Thursday, June 16, 2011

Why do we suffer in mortality?

A good friend of mine wrote the following in a discussion about suffering that we had last year.  I thought it was profound then, and I decided to post it here when I came across it again yesterday.  
The scriptures contain three main explanations for suffering: 

1. God punishes those who disobey him. 

In this case, God causes the suffering. 

Example: Israel is defeated militarily and taken into captivity by foreign invaders because they did not worship YHWH correctly (or some other god).

2. God allows suffering to happen because of the sin of others.

In this case, people cause suffering, and God allows it but does not directly cause it.

Example: A king of Israel is wicked, and Israel is defeated militarily and suffers because the king is not faithful (even though people individually might not have sinned and deserved to be killed/enslaved) 

3. Suffering exists to foster a greater good.

The cause is a combination of the above two, but is directed in both cases by the will of God to enlighten people or to bring about a greater good.

Examples: Christ did no wrong, but he suffered to bring about the atonement for others. The apostle Paul suffered in order to prove that he was a true disciple of Jesus Christ (his own viewpoint in his letters). And in Mormon theology, we suffer in our life so that we will learn lessons (a process of enlightenment). 
I posit a fourth explanation from my current view of existence: 
4. We suffer collectively, as a people because we want suffering more than not suffering.
We will suffer and cause suffering until we decide (collectively) to stop. This is very similar to #3, except that it doesn't require a central authority (God) directing and orchestrating the suffering. In my own view, we can decide to no longer suffer. We can still experience physical pain, but spiritual suffering is a choice we make. We experience and cause suffering by wanting something else (anger, violence, revenge, theft, etc.) more than peace. 

I recognize that there is suffering that falls outside this fourth explanation (particularly that suffering which occurs strictly as a result of the physiology of The Fall, like depression and numerous disabilities of varying kinds, which we did not choose and over which we often have limited control), but I really like the overall idea that we do have a degree of control over our "suffering" - especially through an Atonement theology that posits a God who has suffered all we suffer in order to know how to succor His people in the midst of their suffering.   This allows us to turn our suffering over to Him who has suffered already and not let our natural, unavoidable suffering define who we are and can become.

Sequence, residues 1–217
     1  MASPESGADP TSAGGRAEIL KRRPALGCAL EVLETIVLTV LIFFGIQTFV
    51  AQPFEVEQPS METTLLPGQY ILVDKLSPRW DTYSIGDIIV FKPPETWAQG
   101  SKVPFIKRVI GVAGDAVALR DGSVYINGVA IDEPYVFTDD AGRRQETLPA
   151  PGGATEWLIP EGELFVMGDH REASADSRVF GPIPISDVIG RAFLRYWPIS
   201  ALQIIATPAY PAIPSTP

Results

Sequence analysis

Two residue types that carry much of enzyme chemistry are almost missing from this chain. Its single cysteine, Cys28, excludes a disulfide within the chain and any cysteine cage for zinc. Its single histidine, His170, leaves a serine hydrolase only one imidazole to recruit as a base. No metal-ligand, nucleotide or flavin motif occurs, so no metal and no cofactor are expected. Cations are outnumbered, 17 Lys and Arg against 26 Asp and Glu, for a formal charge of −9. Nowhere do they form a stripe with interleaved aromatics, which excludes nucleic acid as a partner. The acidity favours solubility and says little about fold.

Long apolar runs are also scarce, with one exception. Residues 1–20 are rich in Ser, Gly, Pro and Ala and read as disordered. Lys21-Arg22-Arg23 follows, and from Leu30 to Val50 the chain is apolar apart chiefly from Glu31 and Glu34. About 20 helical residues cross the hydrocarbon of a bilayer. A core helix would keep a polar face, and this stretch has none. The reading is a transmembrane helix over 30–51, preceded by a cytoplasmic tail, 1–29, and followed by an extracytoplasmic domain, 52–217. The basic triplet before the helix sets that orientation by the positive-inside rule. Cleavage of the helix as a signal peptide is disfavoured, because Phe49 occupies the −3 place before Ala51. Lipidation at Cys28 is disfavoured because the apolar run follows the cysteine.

I also love the implication that it is fine to look for ways to alleviate sufering - like medications for depression, for example.


Anonymous said...

I hear the theory,and I love it. I'd just love someone to explain to me how I turn my suffering over to the Saviour.I know that he suffers with me and for me,but if turning my suffering over to Him means I no longer have to experience it,then I'm not able to do this.So this narrative can leave me feeling inadequate and can increase my spiritual suffering,rather than alleviating it.Forgive me if I seem a little negative,I'm open to correction.

Papa D said...

In practical terms, I really don't know how to advise others to do so. Most of it is encapsulated in a mental or spiritual understanding or belief that he has suffered anything we have suffered and that he understands and is merciful and gracious - far more so than we deserve and, I believe, more so than we tend to believe.

I do NOT believe that turning over our suffering to him eliminates our suffering - or that it even lessens the suffering itself in many cases. I DO believe, however, that it can give us strength to endure our suffering that is not available otherwise - even if it is accomplished in a way I don't understand fully or in a way that many would say is strictly psychological.

I wish I could help more, but I think it's an internal orientation as much as anything else - and all of us vary greatly in how hard it is to adopt that sort of orientation. For many, it probably is nothing more than a regular and life-long self-reminding - and, for Mama, for example, it has included pausing every weekend for the past few years and consciously "counting her blessings" and recording them on her own blog.

Anonymous said...

Thankyou so much for your willingness to engage with this Ray,I will give your reply much thought.